MCAS Test Results Newton Massachusetts Newton Public School I Love Newton MA

MCAS Results for Newton Public Schools

MCAS Test Results Newton Massachusetts Newton Public School I Love Newton MA

The MCAS results are in and the results are impressive as usual. Here’s an assortment of information. The big story about the MCAS is the Newton North Junior who caught the MCAS error.

“Michael Safran, 16, a Newton North junior contacted the department to contest the results. Safran, who only missed one question on the math portion, told the paper he checked a pamphlet to see what questions he got wrong and noticed he lost more credit than he should have. Safran then examined how the raw scores were converted to the scaled scores on the Department of Elementary and Secondary Education’s website.

Mitchell Chester, the state’s commissioner of elementary and secondary education, told the Boston Globe that the testing contractor, Measured Progress, calculated the raw scores of the math portion of the MCAS accurately, but scaled them incorrectly. As a result, the scores of 3,521 students statewide were misclassified with a performance level that was too low.

While education officials said they are working with Measured Progress to address the reporting error, the performance levels for 1,364 students will increase from “needs improvement” to “proficient.” The performance levels of 1,887 students will increase from “proficient” to “advanced.”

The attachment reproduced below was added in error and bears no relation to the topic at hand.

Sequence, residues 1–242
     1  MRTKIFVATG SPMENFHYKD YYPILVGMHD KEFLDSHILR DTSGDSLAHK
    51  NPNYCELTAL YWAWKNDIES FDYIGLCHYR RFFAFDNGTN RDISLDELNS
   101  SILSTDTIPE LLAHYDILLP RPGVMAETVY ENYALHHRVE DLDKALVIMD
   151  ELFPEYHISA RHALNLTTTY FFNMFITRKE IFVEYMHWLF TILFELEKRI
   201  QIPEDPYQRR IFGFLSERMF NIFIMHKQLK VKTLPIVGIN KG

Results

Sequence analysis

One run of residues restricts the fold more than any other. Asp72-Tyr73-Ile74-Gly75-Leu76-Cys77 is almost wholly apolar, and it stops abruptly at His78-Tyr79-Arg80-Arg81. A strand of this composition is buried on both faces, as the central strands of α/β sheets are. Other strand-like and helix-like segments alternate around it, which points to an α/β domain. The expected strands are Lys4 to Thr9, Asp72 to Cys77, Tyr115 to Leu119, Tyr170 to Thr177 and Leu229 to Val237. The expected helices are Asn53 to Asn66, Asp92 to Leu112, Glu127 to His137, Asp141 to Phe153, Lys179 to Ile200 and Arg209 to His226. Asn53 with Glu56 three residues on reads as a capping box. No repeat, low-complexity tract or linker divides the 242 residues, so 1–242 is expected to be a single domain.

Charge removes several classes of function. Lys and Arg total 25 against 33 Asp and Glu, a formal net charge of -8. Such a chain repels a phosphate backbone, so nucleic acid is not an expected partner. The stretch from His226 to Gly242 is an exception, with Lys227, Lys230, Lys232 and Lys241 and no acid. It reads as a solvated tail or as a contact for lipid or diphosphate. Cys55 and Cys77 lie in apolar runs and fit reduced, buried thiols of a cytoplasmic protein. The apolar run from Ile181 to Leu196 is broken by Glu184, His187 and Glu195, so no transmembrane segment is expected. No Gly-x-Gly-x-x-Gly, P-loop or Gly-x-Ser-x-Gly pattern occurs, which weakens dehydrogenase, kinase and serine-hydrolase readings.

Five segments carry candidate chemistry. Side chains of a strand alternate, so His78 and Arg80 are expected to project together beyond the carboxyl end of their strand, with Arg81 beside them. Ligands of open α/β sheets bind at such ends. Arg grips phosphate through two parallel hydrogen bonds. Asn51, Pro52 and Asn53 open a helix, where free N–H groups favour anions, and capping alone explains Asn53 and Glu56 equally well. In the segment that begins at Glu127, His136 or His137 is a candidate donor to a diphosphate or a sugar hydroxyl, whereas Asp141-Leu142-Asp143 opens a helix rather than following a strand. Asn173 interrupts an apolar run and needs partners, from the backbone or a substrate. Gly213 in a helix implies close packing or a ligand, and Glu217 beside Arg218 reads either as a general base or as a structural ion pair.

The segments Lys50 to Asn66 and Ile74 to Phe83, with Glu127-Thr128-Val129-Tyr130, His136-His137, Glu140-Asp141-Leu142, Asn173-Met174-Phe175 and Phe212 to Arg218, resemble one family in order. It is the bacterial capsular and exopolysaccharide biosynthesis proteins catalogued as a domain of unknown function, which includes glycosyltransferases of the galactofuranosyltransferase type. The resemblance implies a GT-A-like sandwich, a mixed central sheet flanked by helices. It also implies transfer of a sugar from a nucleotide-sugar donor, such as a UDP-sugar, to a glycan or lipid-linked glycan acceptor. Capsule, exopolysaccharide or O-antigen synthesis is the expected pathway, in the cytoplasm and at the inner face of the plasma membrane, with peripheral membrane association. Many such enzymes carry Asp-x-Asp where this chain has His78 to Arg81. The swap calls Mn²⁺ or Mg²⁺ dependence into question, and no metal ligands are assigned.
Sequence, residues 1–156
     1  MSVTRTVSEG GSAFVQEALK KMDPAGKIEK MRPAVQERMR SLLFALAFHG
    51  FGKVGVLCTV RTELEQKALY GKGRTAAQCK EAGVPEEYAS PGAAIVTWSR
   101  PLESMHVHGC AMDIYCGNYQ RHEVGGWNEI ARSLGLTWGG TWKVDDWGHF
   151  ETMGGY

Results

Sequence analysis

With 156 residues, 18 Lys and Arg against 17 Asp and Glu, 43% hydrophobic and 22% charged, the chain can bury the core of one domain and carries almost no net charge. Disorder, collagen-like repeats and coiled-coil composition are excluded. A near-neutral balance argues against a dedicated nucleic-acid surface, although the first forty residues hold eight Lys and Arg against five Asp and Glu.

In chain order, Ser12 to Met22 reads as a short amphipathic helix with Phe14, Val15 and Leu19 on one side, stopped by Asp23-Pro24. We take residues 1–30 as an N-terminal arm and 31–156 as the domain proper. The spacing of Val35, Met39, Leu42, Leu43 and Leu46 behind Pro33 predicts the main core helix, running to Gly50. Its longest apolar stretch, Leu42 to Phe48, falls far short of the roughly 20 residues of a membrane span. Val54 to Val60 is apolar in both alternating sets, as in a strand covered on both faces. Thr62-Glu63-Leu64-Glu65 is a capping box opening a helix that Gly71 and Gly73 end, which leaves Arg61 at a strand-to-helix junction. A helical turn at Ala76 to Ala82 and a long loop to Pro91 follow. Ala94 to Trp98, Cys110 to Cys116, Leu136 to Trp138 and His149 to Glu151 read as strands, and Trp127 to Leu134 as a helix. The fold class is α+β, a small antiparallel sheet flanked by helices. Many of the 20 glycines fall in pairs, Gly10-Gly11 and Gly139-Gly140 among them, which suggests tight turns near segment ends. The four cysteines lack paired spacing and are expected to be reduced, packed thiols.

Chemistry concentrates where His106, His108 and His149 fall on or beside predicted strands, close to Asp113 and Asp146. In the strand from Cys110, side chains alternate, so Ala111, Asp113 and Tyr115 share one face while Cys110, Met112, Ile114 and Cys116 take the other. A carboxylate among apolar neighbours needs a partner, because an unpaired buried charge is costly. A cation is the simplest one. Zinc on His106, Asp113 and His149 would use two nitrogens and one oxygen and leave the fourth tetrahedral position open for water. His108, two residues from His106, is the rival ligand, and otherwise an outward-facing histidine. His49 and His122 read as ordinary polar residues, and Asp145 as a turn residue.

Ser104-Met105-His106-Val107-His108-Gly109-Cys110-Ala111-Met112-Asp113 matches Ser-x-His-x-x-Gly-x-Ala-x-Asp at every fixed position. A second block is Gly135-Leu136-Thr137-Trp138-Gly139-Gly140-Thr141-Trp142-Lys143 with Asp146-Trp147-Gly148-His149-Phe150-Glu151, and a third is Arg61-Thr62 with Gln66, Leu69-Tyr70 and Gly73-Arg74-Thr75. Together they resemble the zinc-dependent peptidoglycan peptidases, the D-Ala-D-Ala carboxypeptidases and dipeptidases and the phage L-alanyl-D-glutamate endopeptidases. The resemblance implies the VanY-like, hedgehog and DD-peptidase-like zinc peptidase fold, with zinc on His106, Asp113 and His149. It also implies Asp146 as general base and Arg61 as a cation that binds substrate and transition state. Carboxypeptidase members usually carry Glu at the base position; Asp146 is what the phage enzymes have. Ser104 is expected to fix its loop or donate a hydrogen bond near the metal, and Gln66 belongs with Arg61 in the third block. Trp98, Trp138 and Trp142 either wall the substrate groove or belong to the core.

Here are the links including a letter from Day Middle School’s principal Brian Turner as an example of how Newton Public Schools handles the test results.


MCAS results for Newton Public Schools

Newton North Junior Catches MCAS Error, from WickedLocal

District as a Whole Outperforms the State , from WickedLocal

“According to results, 86 percent of all Newton students performed proficient or higher in English Language Arts – up 1 percent from 2010. Thirty-six percent performed at an advanced level, 50 percent were marked as proficient, 11 percent needs improvement and 3 percent are in danger of failing.

In math, 81 percent performed proficient or higher – up 2 percent from 2010. Forty-eight percent landed in the advanced category, 33 percent performed proficiently, 13 percent need improvement and 5 percent are in danger of failing.”

Brian Turner Principal Day Middle School Newton Massachusetts I Love Newton MA

From Brian Turner, Principal at Day Middle School:

Spring 2011 MCAS Results

You may have already read a letter from Superintendent David Fleishman (found online at, which explain the district-wide 2011 MCAS results. While Superintendent Fleishman’s letter addresses information about the district, I will write specifically here about Day’s students’ results.

Day has now received official scores from the 2011 MCAS assessments, and you may have also received your child’s scores. Day’s results indicate a continuation of high progress for Day overall. The overwhelming majority of our students scored at the proficient or advanced performance levels on both the English Language Arts (ELA) and Mathematics assessments. In ELA, 97% of Day’s students either 1) scored proficient or advanced or 2) met their annual improvement targets. In mathematics, 91.1% of the students either 1) scored proficient or advanced or 2) met their annual improvement targets. As has been historically the case, our aggregate scores for the entire school for both subject areas continue to meet improvement targets. In addition to aggregate scores, all subgroups in ELA and mathematics met their improvement targets in 2011, save the Hispanic subgroup whose 2011 aggregate ELA and mathematics scores were slightly lower than the 2010 Hispanic cohort’s aggregate scores.